Austin Hill

An easily understood example of this is the coffee house industry. In the 1980’s, Starbucks took the concept of the local coffee house where people meet and spend time together and drink beverages, and turned it in to a global business phenomena. And since the earliest beginnings of Starbucks, several other coffee house chains have been launched - Moxie Java, Tully’s Coffee, and Caribou Coffee to name a few - as an effort to capitalize on the burgeoning coffee house market. While today Starbucks remains the largest chain of its kind, these other newer and smaller companies have nonetheless benefited from Starbucks’ success, in as much as Starbucks essentially created the market for the modern-day coffee house in the first place.

But economic realities are one thing, and people’s perceptions and “feelings” are something different. And at present America is surrounded by an ever-present hostility towards profitable businesses – much of which emanates from the highest levels of our government.

Some of us saw this era of hostility coming. Back in 2008 while he was campaigning for the presidency, Then-Senator Obama made it a point to chastise American businesses nearly every time a robust earnings report was published. In the summer of that year, as an example, speaking to a stadium full of adoring followers, the President-to-be made it clear his disdain for the petroleum industry:

“First of all,” candidate Obama stated, “you’ve got oil companies making record profits…no… no companies in history have made the kind of profits the oil companies are makin’ right now…They..they…….one company, Exxon Mobil, made eleven billion dollars…billion, with a “b” ….last quarter….they made eleven billion dollars the quarter before that…makin’ money hand-over-fist…makin’ out like bandits…”

Imagine that! “Makin’ out like bandits” – that’s an amazing assessment of a successful business enterprise, suggesting that posting profits is tantamount to thievery. Of course at that moment in time, the early signs of a recession were appearing, and it was politically viable to send the message that “if we can’t all prosper right now, then none of us should prosper right now,” and his vitriol over the profitability of the Exxon Mobil Corporation played well with the crowd.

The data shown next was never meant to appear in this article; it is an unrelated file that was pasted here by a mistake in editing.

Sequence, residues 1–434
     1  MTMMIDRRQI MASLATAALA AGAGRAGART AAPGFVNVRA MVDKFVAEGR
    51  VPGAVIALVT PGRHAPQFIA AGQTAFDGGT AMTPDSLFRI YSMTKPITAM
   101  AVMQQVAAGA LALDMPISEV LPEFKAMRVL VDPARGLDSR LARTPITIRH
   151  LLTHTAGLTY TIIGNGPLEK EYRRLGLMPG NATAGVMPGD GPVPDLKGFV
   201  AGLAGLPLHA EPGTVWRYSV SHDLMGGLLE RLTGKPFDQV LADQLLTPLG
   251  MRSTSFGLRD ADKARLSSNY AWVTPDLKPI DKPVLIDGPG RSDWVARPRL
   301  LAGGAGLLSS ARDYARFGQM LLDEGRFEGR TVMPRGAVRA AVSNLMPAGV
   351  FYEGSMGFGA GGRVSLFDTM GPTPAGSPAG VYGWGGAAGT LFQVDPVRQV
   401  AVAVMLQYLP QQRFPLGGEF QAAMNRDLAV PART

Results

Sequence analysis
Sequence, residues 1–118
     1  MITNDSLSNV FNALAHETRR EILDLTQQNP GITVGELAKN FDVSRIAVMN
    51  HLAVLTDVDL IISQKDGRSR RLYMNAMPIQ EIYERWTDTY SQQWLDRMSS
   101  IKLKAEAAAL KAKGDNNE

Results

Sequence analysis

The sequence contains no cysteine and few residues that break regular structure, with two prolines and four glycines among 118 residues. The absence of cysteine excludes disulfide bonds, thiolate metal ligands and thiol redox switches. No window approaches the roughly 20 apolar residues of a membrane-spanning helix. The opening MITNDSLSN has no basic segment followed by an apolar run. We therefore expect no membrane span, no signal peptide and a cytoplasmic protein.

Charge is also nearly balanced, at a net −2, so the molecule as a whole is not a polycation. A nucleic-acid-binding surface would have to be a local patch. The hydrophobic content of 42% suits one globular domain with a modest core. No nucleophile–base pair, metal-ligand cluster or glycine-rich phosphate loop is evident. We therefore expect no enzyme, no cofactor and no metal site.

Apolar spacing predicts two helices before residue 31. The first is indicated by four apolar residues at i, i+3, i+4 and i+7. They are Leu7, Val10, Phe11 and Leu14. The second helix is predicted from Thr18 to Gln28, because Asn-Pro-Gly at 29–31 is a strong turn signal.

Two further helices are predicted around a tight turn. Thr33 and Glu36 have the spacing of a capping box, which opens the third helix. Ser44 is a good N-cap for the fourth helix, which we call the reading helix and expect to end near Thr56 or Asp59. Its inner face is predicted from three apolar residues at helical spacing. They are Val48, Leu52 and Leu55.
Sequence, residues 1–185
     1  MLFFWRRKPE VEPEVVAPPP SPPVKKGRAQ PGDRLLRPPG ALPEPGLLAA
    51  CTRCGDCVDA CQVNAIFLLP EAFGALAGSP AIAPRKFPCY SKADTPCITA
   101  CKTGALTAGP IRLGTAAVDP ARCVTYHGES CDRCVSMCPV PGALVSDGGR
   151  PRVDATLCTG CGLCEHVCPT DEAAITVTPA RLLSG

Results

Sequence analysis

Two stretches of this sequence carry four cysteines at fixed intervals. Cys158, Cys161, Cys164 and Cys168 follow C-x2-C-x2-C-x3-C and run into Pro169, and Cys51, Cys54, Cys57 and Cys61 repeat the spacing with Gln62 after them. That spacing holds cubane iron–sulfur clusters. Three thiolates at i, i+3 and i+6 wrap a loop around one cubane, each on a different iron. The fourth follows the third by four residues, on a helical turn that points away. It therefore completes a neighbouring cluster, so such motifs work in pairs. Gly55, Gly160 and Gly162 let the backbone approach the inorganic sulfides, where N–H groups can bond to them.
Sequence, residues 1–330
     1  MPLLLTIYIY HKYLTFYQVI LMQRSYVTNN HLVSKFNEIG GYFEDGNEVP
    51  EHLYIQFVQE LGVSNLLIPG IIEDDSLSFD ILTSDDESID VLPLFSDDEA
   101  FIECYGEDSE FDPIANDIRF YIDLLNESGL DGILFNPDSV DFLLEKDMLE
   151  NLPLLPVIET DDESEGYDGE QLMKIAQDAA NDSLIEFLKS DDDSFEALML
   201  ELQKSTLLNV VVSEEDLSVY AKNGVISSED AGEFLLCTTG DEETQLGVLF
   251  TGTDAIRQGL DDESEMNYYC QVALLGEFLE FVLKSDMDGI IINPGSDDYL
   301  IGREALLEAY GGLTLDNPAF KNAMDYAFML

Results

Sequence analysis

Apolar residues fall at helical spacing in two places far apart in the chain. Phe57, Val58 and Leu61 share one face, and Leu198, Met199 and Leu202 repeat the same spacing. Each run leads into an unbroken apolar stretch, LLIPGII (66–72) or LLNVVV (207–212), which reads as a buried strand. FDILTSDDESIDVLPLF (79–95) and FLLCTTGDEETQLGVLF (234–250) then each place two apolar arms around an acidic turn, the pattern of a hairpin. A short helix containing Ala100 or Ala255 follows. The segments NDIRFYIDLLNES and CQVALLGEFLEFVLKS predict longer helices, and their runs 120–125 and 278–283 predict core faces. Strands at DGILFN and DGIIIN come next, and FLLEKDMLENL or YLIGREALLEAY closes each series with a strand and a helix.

Yet Mr. Obama’s disdain for business “profits” has continued throughout his presidency. Fast forward to February 7th of 2011 when the President addressed an audience of the U.S. Chamber of Commerce. Speaking of the improving balance sheets that were emerging within many American companies at that time, President Obama stated: “The benefits can’t just translate into greater bonuses and profits for those at the top. They have to be shared by American workers, who need to know that expanding trade and opening markets will lift their standards of living, as well as your bottom line…”

These were the words of our Ivy League-graduate, Nobel Prize-winning U.S. President. Surely he, of all people, understands that profits aren’t simply “shared” - they are “earned.” And surely he realizes that when a company is profitable, it’s not merely the C.E.O. that benefits (investors, employees, and customers benefit from profitability as well). Certainly the President of the United States understands these most basic concepts of free market enterprise – doesn’t he?

But we never hear that from our President. Nor do we hear much praise at all for successful, profitable enterprise from anybody in our government. It’s usually anger and disgust when profits are good, and promises of intervention and “stimulus” when profits are bad.

It’s a very self-serving and destructive game that our politicians play. And they will keep on playing until Americans demand differently – and until Americans come to terms with profits.


Austin Hill

Austin Hill is an Author, Consultant, and Host of "Austin Hill's Big World of Small Business," a syndicated talk show about small business ownership and entrepreneurship. He is Co-Author of the new release "The Virtues Of Capitalism: A Moral Case For Free Markets." , Author of "White House Confidential: The Little Book Of Weird Presidential History," and a frequent guest host for Washington, DC's 105.9 WMAL Talk Radio.



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